2) A culture of innovation. According to Bloomberg, South Korea leads the way in the world’s most innovative economies. While the country started off by reverse-engineering foreign technology, that rapidly led to improving on these technologies.
Today the country is now a global technology powerhouse, investing heavily in R&D and new patents. The terrific Samsung phone that’s in my pocket is just one proof point of the country’s commitment to technology innovation.
3) An emphasis on education. Higher education is an extremely serious issue in South Korean culture (some students would say too serious). It is a point of national pride, with the South Korean education system widely praised around the world.
The country’s enormous education budget is a big success factor in how it has risen from a war-torn country to a tech powerhouse: a highly-educated workforce means that South Korean workers are in high demand, especially in new technologies like blockchain.
4) A national blockchain curriculum. Building on this commitment to education, the South Korean government has invested 100 billion won (about $90 million) into blockchain-focused training, creating a pipeline of talent for the next decade.
This is a page out of New York’s playbook: during the 1990s, the city invested heavily in tech education, partnering with New York schools and universities to develop a technology curriculum, training workers to make it a global technology leader.
5) A forward-thinking government. A Korean proverb says, “If you don’t walk today, you will have to run tomorrow.” In other words, get started early.
To this end, the government of South Korea invests heavily in R&D and emerging technologies. This year alone, nearly $1 billion has been earmarked to spend on blockchain development, with the city of Seoul also developing a blockchain incubator with room for 200 companies.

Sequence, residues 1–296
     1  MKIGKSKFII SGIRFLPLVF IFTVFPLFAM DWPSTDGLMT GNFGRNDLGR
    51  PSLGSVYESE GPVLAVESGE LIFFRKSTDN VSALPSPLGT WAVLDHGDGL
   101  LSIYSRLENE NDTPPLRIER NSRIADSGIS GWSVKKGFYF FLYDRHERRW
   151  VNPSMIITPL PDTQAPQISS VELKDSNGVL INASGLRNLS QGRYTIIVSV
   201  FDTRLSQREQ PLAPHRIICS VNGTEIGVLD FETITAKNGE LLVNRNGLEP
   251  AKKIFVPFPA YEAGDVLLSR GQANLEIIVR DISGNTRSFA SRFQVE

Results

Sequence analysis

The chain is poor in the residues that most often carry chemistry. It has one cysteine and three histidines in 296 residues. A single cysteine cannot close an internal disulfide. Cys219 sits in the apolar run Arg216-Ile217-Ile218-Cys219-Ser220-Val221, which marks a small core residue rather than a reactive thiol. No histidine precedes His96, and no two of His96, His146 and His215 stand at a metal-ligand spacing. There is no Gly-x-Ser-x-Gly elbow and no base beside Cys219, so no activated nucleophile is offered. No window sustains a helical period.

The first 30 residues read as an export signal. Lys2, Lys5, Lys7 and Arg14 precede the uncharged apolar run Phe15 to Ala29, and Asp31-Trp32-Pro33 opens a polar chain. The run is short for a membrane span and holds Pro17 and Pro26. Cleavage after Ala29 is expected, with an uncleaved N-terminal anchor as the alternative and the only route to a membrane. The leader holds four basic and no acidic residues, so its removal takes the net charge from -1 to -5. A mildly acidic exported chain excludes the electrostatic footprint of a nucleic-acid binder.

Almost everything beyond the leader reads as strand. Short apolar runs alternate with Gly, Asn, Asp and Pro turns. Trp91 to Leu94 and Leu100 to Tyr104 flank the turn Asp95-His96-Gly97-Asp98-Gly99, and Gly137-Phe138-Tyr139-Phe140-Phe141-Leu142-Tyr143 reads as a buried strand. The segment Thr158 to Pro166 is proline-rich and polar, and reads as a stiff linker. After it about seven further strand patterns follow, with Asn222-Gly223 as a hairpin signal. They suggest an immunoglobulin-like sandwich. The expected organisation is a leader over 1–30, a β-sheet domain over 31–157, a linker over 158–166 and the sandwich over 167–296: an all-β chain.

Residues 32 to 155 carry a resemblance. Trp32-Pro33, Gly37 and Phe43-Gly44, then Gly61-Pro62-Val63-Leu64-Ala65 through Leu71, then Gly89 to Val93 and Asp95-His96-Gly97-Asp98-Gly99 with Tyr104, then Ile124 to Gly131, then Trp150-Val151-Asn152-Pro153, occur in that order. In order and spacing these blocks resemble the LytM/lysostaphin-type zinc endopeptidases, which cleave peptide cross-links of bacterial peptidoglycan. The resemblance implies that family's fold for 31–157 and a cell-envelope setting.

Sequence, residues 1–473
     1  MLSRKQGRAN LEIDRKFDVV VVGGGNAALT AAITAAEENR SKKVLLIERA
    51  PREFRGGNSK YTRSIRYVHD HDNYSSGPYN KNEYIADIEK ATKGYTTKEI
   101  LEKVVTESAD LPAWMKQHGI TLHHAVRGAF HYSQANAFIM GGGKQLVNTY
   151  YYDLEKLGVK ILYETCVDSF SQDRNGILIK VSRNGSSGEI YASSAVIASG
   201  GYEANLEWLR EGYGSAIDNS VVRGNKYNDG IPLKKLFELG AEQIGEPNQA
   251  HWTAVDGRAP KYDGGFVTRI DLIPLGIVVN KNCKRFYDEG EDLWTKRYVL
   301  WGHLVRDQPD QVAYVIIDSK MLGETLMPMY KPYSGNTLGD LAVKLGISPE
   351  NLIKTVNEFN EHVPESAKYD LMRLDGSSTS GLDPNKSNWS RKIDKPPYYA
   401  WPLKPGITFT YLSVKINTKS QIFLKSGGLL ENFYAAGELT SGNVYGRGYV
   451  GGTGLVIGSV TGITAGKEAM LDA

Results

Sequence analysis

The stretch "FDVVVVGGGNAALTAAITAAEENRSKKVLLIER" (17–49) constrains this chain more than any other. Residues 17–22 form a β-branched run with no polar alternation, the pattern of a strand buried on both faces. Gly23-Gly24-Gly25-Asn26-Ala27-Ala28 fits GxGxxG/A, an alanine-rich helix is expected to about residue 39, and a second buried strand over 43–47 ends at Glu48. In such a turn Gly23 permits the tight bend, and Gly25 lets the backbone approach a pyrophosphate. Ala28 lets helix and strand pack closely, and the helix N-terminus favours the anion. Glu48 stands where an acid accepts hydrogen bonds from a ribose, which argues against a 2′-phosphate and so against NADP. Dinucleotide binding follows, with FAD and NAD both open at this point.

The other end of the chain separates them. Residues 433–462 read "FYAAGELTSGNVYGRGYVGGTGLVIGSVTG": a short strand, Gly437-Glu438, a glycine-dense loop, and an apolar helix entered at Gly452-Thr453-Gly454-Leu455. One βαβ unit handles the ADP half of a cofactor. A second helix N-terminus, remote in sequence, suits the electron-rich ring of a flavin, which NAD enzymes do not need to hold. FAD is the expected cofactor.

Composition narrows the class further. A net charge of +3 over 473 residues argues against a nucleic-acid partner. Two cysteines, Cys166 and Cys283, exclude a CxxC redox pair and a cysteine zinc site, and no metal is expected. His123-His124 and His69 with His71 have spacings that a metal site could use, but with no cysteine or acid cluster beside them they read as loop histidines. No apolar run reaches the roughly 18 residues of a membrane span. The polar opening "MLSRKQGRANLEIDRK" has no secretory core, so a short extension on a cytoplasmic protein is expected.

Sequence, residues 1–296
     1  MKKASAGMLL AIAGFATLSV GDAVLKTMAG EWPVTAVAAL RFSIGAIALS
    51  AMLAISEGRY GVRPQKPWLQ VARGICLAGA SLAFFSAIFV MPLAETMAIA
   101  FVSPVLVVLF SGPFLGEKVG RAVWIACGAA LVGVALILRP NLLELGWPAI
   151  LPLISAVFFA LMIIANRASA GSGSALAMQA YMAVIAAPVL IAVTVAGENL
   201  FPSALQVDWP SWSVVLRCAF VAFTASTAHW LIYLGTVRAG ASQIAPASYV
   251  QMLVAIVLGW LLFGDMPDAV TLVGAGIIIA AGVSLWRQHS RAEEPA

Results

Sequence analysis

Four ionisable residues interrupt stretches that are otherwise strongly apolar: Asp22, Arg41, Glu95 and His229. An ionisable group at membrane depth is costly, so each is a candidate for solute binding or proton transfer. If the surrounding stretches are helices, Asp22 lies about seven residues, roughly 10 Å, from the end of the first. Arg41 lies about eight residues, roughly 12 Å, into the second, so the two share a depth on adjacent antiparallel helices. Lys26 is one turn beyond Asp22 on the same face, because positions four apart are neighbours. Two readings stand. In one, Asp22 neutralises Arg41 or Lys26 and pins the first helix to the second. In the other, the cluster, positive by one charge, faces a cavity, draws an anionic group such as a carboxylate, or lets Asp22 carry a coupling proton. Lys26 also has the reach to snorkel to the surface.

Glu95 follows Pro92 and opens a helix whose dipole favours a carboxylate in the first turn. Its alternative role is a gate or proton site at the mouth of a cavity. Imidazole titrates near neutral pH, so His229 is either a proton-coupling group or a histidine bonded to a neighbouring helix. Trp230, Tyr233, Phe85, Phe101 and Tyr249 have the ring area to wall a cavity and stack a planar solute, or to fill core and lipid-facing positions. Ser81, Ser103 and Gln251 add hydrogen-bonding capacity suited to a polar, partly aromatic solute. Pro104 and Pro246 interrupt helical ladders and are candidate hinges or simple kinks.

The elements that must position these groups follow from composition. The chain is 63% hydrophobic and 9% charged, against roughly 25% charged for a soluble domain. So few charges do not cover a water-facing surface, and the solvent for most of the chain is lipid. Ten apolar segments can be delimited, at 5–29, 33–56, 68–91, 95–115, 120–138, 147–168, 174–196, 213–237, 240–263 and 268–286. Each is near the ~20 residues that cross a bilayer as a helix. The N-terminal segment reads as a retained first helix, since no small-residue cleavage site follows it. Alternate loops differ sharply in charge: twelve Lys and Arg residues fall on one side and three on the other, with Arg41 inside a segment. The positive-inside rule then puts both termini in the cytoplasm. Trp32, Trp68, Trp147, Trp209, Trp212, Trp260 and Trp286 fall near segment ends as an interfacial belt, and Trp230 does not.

6) Regulatory sandboxes. Busan, the second-largest city in South Korea, has been declared a “regulation-free zone” for blockchain startups, making it easier for entrepreneurs and investors to freely build blockchain businesses.
Government officials expect that $25 million in investment will follow, with everyone from Korean banks to Hyundai experimenting with blockchain projects. This type of “regulatory sandbox” is an emerging model in South Korea, and it allows innovation to flourish.
7) Seoul reward token. The city government of Seoul is creating a citizen reward token (we’ll call them S-coins) that can be redeemed for goods and services within the city. It’s like an “in-game currency” that will let you pay for your food, parking, or transportation with S-coins.
Importantly, Seoul does not plan to charge merchant commissions when citizens pay with S-coins. As a small business owner, it offers the convenience of credit card or mobile payments, but with zero fees. Officials hope this will make S-coin, and thus the city of Seoul, prosper.
8) Blockchain tax breaks. Another way the government encourages early-stage R&D is providing tax incentives for experimenting with new technologies. Businesses that develop blockchain technology can get a 20-40% tax deduction for their pioneering work.